COVID-19: Most Cowessess First Nation cases involve kids, Halloween protocols in place

Cowessess First Nation has active COVID-19 cases, majority are children who are sick with the virus. The band membership is 53 per cent vaccinated.

The Cowessess First Nation has taken action to help slow the spread of COVID-19 cases. The southern Saskatchewan community has a total of 15 cases and two that are still waiting to be confirmed. The majority of the cases, they say, are linked to children.

“We had a number of cases at the school and we did contact tracing from that,” said Kelly Finkas, the community’s health director and social development. “It ended up that we were able to discover a few more cases in the community.”

Read more: Cowessess First Nation in Saskatchewan steps up coronavirus preventative measures

On Monday, Oct. 25, Cowessess First Nation Chief Cadmus Delorme posted on the community Facebook page to alert his band membership about the rising cases.

“Each active case is safe at home complying with isolation guidelines,” according to the social media post. “We wish them a safe recovery. With the 15 active cases, there are 80 close contacts.”

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Finkas said safety measures have already been put in place to ensure the proper actions are taken.

“Right now, we’re asking people to stay home as much as they can,” she said. “The school is closed, the daycare is closed and the school has gone to online learning format for right now.”

While kids who are impacted by COVID-19 won’t be able to trick-or-treat on Halloween, community leaders are stepping up to ensure the little ones won’t miss out on some sweets.

Click to play video: 'Staying safe on the spookiest day of the year'
Staying safe on the spookiest day of the year

“We will be delivering candy bags to kids who can’t go out this year,” said Finkas. “Various departments are working together to deliver pumpkins and will be doing a virtual pumpkin carving contest.”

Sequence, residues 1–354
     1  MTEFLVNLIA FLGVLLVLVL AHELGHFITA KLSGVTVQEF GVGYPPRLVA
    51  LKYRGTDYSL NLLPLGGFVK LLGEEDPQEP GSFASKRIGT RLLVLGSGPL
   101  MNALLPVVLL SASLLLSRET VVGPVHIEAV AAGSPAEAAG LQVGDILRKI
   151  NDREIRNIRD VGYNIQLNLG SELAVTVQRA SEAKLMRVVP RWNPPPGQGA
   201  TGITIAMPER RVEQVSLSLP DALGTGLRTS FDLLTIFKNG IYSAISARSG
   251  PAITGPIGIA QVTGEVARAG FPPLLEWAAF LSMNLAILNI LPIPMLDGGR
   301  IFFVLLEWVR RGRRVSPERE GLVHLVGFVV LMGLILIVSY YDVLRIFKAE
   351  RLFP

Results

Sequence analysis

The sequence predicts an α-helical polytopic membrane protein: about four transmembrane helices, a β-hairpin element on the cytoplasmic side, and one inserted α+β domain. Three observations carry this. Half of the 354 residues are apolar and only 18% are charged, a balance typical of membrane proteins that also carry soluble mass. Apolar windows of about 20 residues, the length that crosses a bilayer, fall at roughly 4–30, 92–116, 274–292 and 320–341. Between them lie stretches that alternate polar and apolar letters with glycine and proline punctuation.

Read more: Coronavirus: Cowessess First Nation navigates vaccine hesitancy during reserve’s rollout

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Households intending to hand out candies for Halloween are required to register with the Health Department. Proper guidelines will be given to registered households to ensure there is no further risk of infection to children.

“We’re asking households with active cases not to give out candy,” she said, “just reminding people if they have active cases or if they are not feeling comfortable, they can just turn off their porch light. This will be a notice for trick-or-treaters (that house) isn’t participating.”

Cowessess First Nation also stated on its social media post that starting on Nov. 1, staff members who aren’t vaccinated will be asked to go on leave without pay.

“We want to assure to our fellow staff members and clients we will remain low risk to COVID-19,” according to the post.

Finkas said the band membership is 53 per cent vaccinated.

Cowessess First Nation is 159 kilometres west of Regina.

Click to play video: 'Cowessess First Nation navigates vaccine hesitancy during reserve’s rollout'
Cowessess First Nation navigates vaccine hesitancy during reserve’s rollout

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